Sermon for May 23, 2021 Pentecost “The Voices You’ll Hear”
It’s a bit like…well and sort of like…but more like…and kinda like…
Trying to describe Pentecost at best leaves even the most eloquent at a loss for words. Even the disciples could not say exactly what it was like. “like the rush of a violent wind, tongues, as of fire” are the images they used and the fact that each one there was impacted in the same way. It must have been both aweing and terrifying at the same time. This is that intimate moment that Jesus talked of when he said: ‘the comforter, the Holy Spirit will come and be upon you’.
This is widely held as the moment the church began and is some ways marks the birthday of the church. The events recorded in the Pentecost story is also the story of the annual Festival of First Fruits, when the cities, towns and villages would have celebrations of early harvest. It is more that …it is the moment when the disciples ‘wake up’ to the truth that Jesus is really and truly the Messiah and that the teaching they experienced while travelling with Jesus will now be practised. The mantle of leadership, teaching, healing, proclaiming is now theirs. We have this image that the disciples just started without any anxiety at all. I am certain that is not the case.
I remember the first sermon I ever preached. It was Epiphany 1980, Gordon Cann ended up in the hospital on Thursday, his wife Ann called to ask if I would take over. I said yes of course, then thought OMG what have I done, what will I do. I was just going into my second term at AST and had no experience in preaching. On that Sunday I looked out and there were my parents, elementary school principal and teachers from all grades, Sunday school teachers (I was not always the most attentive student) and people I had know all my life…staring at me. I am sure that the gratitude and thanks were more for effort than content or style but I made it, scared, honoured, nervous and did I say scared. And that affirmed the path chosen for me and one that I still strive to follow. So I know the Spirit works in mysterious ways.
There are many ways in which we all are thrust, with varying degrees of preparation, into the fray of living. It may be church, work, school, job, sport or play. For reasons that seems to make no particular sense, we are driven in a particular direction and we go there. The disciples and friends of Jesus have been pretty secluded since the crucifixion and resurrection. But now all of a sudden, on one of the busiest weekends of the year, the doors are burst open and the people outside hear the message and teaching of Jesus in their own language. It is the moment when the few are forced to welcome the outsider and offer hospitality.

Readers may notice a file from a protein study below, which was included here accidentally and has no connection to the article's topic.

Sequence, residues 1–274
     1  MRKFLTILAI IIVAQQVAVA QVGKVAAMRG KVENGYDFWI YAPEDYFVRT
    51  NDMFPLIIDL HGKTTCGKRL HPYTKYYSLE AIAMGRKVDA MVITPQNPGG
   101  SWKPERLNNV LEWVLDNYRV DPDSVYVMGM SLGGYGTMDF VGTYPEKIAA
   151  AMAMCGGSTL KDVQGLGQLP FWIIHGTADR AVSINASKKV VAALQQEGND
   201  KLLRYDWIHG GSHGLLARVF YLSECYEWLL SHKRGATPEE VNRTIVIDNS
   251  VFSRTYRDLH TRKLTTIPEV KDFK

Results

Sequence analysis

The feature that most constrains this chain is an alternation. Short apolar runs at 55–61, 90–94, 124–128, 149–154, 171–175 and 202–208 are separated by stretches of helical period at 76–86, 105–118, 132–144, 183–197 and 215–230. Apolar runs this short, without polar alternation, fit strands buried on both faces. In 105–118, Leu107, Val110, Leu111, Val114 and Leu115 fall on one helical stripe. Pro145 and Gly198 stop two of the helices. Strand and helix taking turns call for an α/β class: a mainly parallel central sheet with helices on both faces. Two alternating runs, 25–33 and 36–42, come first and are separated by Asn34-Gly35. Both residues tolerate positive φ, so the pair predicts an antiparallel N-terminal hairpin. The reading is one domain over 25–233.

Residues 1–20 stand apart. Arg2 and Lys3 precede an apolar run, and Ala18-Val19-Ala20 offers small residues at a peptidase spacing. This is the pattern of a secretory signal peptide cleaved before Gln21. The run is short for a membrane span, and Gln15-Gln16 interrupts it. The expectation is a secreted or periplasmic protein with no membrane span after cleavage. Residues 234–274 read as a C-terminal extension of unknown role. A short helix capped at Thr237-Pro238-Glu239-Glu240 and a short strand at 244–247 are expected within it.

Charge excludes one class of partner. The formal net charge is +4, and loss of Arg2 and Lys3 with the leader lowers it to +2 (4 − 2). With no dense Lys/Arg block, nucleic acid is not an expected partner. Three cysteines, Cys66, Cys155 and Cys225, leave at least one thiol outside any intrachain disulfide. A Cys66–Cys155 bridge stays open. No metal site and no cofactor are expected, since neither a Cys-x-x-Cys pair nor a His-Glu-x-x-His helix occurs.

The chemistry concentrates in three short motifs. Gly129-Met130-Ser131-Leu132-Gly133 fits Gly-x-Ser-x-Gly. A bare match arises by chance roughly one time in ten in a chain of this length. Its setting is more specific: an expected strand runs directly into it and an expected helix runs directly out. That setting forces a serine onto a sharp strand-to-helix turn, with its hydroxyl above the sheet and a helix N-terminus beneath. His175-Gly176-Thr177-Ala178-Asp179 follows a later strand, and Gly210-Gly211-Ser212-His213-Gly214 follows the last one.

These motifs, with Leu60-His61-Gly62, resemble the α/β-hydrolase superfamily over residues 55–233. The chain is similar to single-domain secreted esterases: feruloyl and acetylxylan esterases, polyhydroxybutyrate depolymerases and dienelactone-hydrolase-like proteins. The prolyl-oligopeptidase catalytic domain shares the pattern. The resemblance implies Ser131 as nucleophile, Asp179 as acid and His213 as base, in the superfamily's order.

There is a story of a tourist was travelling in Germany, he had no knowledge of German whatsoever and had wandered off the tourist trail and found himself in a small village where he was having trouble making himself understood. He was about to panic when he was caught in a sneezing fit. A passerby smiled and nodded at him and said, “Gesundheit!” The tourist rushed after the man and declared, “O good, you speak English!”
In our context at St. Marks, different languages may not be the issue but I know for sure that the language we sometimes use in “church world” if not helpful or inviting for many. I will offer a personal example that shuts me down. ‘Have you been saved?’ I know it is a very Christian question but for me it is also loaded with plenty of narrow and harmful thinking. For me it comes from the asker being right and the one questioned being wrong. My response is usually; ‘tell me more about why that is important for you?’ My preference is to spend enough time with someone to get to know them so then I may be enabled to offer an invitation to conversation that is open, welcoming and ‘speaks their language’ so to speak.
By definition, Pentecost is the opening of our doors, the thrusting open of our doors, to the community. It is an opportunity to share the best teaching ever, by the best teacher ever, not as we see fit but in a way that others can understand.
So may it be that the Spirit that moved so many years ago with the disciples, enabling them to speak in languages of many nations and regions and be understood, stir in our language and motives so that we can speak in ways that are surprisingly inviting to those who hear.